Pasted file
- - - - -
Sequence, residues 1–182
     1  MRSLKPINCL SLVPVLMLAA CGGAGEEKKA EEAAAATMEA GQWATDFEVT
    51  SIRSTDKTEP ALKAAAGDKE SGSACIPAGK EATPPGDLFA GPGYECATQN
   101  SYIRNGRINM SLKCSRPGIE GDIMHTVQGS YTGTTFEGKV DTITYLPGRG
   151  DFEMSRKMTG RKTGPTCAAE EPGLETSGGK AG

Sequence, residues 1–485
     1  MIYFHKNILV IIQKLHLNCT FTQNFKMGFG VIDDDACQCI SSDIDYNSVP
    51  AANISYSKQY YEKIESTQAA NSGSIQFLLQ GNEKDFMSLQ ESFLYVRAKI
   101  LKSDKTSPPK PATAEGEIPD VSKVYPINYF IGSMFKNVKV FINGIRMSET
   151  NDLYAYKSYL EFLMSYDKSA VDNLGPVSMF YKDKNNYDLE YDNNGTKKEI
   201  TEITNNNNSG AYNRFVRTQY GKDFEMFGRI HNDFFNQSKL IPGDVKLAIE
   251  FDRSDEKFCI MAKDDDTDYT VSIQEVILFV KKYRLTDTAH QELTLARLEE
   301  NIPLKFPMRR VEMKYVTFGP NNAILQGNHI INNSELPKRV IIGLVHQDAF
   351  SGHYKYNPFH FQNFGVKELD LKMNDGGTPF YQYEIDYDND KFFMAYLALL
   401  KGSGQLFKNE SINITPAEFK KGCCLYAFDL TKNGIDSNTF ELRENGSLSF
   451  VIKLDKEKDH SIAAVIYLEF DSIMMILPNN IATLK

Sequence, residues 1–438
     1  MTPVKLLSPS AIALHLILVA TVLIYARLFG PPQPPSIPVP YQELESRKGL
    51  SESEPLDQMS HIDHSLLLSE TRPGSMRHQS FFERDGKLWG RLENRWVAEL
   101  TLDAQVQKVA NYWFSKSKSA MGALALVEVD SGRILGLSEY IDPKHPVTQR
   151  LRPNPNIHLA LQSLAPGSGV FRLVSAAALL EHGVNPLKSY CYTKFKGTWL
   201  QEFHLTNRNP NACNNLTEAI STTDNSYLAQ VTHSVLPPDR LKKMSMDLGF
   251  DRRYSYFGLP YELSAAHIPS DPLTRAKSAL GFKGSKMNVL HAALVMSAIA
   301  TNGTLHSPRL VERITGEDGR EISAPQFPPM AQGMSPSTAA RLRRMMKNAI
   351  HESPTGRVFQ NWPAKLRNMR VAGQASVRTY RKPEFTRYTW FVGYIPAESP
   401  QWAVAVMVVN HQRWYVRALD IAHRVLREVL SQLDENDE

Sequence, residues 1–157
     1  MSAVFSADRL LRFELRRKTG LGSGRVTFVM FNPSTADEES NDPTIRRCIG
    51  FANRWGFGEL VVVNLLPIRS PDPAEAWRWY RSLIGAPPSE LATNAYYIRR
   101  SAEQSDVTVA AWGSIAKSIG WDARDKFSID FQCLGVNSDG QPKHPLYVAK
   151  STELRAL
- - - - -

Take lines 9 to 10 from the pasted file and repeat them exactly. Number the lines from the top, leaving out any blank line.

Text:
   101  LKSDKTSPPK PATAEGEIPD VSKVYPINYF IGSMFKNVKV FINGIRMSET
   151  NDLYAYKSYL EFLMSYDKSA VDNLGPVSMF YKDKNNYDLE YDNNGTKKEI